Coregonus sardinella

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Coregonus sardinella
Coregonus sardinella.jpg
Scientific classification e
Kingdom: Animalia
Phylum: Chordata
Class: Actinopterygii
Order: Salmoniformes
Family: Salmonidae
Genus: Coregonus
Species: C. sardinella
Binomial name
Coregonus sardinella
Vallenciennes, 1848

Coregonus sardinella, known as the sardine cisco, and in North America as the least cisco, is a fresh- and brackishwater species of salmonid fish that inhabits rivers, estuaries and coastal waters of the marginal seas of the Arctic Basin, as well as some large lakes of those areas.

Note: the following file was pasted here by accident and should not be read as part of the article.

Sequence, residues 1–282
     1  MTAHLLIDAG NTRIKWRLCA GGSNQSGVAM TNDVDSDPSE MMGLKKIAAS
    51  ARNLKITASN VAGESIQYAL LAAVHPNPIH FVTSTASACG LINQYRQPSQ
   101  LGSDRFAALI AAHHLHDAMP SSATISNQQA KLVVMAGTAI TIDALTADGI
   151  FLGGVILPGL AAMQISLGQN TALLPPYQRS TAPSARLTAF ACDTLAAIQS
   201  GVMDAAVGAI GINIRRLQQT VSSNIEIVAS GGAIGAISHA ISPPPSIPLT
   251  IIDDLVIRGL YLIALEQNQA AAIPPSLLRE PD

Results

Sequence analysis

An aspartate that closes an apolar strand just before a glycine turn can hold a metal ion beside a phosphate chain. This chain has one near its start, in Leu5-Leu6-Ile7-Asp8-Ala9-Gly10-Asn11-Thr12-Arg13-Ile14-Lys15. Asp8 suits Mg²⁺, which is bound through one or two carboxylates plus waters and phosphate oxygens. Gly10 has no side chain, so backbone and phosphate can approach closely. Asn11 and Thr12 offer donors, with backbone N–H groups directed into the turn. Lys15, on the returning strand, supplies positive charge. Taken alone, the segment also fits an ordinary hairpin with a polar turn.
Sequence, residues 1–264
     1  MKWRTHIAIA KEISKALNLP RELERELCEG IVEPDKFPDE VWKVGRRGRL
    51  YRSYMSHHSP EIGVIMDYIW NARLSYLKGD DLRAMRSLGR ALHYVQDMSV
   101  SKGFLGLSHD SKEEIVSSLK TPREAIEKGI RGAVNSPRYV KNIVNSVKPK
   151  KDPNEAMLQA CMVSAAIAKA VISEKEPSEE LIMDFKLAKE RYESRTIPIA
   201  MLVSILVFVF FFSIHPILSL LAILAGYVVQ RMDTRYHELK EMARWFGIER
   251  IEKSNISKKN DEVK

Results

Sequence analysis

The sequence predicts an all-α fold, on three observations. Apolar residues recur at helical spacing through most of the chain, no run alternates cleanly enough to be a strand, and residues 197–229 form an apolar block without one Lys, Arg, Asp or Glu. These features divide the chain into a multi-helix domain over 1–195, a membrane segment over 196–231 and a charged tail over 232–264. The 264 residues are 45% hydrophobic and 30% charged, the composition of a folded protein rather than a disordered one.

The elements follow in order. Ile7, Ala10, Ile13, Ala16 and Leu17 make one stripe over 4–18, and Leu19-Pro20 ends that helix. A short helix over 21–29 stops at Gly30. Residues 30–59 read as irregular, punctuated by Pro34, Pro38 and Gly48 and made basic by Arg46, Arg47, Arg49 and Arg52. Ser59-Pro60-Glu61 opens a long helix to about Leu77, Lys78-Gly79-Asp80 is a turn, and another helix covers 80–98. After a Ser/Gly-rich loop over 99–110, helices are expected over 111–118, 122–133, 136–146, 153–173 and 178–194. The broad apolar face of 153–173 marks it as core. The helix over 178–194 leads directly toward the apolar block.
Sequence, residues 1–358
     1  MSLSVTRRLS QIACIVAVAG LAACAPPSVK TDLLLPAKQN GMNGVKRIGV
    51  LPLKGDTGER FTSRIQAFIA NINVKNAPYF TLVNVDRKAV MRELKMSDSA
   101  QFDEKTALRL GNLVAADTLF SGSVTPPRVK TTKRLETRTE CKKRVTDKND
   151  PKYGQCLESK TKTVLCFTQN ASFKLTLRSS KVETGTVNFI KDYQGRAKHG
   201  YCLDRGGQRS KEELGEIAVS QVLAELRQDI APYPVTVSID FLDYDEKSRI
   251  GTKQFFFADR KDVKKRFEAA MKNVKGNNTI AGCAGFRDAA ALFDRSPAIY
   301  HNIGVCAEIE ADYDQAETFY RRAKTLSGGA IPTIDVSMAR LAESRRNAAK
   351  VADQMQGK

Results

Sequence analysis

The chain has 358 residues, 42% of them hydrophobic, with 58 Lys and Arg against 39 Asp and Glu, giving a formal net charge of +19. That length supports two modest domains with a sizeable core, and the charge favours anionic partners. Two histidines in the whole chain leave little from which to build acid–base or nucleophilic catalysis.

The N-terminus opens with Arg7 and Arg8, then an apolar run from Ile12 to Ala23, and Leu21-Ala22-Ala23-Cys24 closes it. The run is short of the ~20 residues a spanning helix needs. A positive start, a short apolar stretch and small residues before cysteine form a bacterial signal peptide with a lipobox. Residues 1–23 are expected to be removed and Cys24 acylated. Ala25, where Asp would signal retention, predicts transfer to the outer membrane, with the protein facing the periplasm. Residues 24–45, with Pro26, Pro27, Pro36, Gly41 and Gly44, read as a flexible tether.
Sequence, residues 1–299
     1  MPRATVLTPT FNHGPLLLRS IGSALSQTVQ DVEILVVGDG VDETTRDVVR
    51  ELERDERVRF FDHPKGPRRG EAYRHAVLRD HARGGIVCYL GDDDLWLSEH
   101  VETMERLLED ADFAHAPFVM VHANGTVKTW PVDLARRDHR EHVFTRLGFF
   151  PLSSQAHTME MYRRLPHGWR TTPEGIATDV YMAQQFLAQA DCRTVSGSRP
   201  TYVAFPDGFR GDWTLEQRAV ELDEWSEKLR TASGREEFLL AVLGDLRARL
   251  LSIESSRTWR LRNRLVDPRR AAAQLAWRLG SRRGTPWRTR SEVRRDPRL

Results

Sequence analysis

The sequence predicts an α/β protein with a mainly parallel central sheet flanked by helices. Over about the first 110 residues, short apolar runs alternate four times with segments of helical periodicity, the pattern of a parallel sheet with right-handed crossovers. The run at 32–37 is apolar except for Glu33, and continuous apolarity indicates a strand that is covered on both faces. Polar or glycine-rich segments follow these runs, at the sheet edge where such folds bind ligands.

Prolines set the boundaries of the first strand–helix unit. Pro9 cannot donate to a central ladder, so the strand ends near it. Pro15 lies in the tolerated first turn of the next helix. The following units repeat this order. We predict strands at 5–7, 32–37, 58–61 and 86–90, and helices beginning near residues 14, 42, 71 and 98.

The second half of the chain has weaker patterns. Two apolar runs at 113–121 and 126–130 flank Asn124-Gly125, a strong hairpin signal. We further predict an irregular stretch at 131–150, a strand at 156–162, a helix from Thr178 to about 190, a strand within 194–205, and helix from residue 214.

In North America it is found from the Murchison River (Nunavut) west through the Bering Strait to the Bristol Bay (Bering Sea) in Alaska, and in the Russian Arctic from the northern part of the Bering Sea across the Arctic coast to Kara Sea and Kara River at the north end of the Urals. It has been introduced in some lakes and rivers in Uzbekistan.

Coregonus sardinella is closely related to the European cisco or vendace Coregonus albula, and also is close to the Siberian peled whitefish C. peled.[1]


  1. ^ Bernatchez L, Colombani F, Dodson JJ (1991) Phylogenetic relationships among the subfamily Coregoninae as revealed by mitochondrial DNA restriction analysis, Journal of Fish Biology 39 (Suppl A):283-290.

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